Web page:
Showing posts from May, 2014

The Fine Art Of Fabrics @ Sasana Kijang (II)

Syed Ahmad Jamal's tutorship is apparent in Sivam Selvaratnam's early works, where geometrical shapes and grid arrangements display a formal approach. Nevertheless, Sivam quickly broke away from this tradition with hand-drawn curved lines, especially evident in her never-perfect squares and rectangles. Studies for 'The Message' denote an understanding of abstraction, as a view from behind an archway transforms into orange swirls in the final painting. A variety of exhibits from 1969 show wilful experimentations, one astonishing example being 'Floral Monochrome II', a delightful illustration etched onto aluminium foil for printmaking. Garbed on a mannequin is the "Malaysian Sunshine" design on cloth, first presented to the mayor of Manchester in her student days. Sivam Selvaratnam - Floral Monochrome II (1969) 'In Circles II' presents a square in the middle of four concentric circles, the artist's freehand imbuing a breezy quality

The Good Malaysian Woman: Ethnicity, Religion, Politics @ Black Box

A collaboration between a women's rights group and an art gallery, this exhibition aims "to get Malaysians to rethink how women's identities and lives are shaped by the pernicious combination of ethnicity, religion and politics." Good as a moral term means little, but to situate the argument within a local context interests me, notwithstanding the superb line up of participating artists. Most exhibited works are purposely made, although some artists' existing practice already illustrate the ambitious theme, such as the biting allegories by Shia Yih Yiing and inflated balloons by Cheng Yen Pheng . Few whom are not visual artists produce beguilingly political works, in particular the hijab-wearing photographer J. Redza, and activist/documentary maker Norhayati Kaprawi . 'Panas Betul' draws a voluptuous wanita berkemban fanning herself, recalling a traditional and natural dress sense disappearing in the face of religious moderation . Jasmine Kok - B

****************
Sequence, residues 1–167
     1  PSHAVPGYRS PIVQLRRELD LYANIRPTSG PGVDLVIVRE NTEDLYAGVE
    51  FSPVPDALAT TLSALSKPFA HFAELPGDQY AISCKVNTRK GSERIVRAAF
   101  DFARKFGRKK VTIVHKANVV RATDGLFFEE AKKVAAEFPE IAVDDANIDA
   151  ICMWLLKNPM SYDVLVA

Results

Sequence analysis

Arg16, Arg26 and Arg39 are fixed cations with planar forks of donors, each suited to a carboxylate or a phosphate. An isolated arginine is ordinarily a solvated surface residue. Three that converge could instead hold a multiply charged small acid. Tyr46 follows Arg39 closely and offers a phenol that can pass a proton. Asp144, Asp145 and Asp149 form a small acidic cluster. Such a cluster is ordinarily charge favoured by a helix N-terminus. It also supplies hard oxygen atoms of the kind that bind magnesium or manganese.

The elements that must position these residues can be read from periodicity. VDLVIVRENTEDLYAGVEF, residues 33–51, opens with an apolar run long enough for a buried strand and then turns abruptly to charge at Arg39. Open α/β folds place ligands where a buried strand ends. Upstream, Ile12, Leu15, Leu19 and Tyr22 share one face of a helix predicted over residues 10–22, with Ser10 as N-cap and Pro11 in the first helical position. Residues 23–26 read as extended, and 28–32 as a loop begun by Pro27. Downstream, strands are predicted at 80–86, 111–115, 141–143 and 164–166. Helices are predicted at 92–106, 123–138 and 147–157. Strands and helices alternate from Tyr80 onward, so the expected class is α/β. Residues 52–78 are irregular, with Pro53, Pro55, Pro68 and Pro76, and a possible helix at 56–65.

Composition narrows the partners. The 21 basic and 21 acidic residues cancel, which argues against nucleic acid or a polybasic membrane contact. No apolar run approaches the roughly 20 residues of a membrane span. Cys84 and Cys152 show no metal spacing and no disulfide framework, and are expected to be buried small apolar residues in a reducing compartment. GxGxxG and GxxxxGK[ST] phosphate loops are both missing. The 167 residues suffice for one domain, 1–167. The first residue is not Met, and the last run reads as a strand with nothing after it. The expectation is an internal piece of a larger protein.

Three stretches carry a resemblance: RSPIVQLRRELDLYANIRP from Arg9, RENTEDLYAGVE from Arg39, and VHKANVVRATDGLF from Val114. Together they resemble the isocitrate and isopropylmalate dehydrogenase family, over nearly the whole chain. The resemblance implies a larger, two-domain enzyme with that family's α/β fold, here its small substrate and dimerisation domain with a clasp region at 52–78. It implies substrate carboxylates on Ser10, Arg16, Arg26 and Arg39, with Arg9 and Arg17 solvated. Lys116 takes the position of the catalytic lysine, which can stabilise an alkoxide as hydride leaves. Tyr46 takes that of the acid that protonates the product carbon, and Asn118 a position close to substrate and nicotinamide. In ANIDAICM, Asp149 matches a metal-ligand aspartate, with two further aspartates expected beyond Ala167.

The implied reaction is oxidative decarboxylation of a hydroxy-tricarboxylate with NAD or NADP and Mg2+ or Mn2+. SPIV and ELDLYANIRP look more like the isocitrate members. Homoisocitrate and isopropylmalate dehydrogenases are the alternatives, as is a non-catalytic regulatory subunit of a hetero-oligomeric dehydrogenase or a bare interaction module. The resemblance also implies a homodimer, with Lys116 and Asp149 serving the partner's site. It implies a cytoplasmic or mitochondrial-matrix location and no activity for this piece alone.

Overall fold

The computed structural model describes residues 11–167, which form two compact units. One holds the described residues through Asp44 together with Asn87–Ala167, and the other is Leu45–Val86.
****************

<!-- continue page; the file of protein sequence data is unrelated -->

505·祭墨 The Worship @ 茨廠家鄉音館 Petaling Street Art House

Chinese ideograms continue to fascinate, with its flexibility of compound arrangements, and evolution from pictorial representation. To commemorate one year after the wishful watershed of GE13, Petaling Street Art House stages a unique display of calligraphy and performance art. Pang Heng Khan 彭庆勤 appropriates the Fulu 符箓, a Taoist talisman written on yellow paper that summons spirits for exorcism and protection purposes. Ascending the stairs, one is greeted by a mixture of mustiness and agarwood (?) scents, the space crowded with paraphernalia placed upon furniture salvaged from its historical surroundings. Scrolls hang from the ceiling and walls, while a central altar and incense sticks remind of a worship ceremony held earlier. A video loop of such rituals is projected behind for the curious observer; One is standing in the government-designated tourist area called Chinatown after all. KiniTV coverage of "505‧祭墨" exhibition Obscured from view are 'The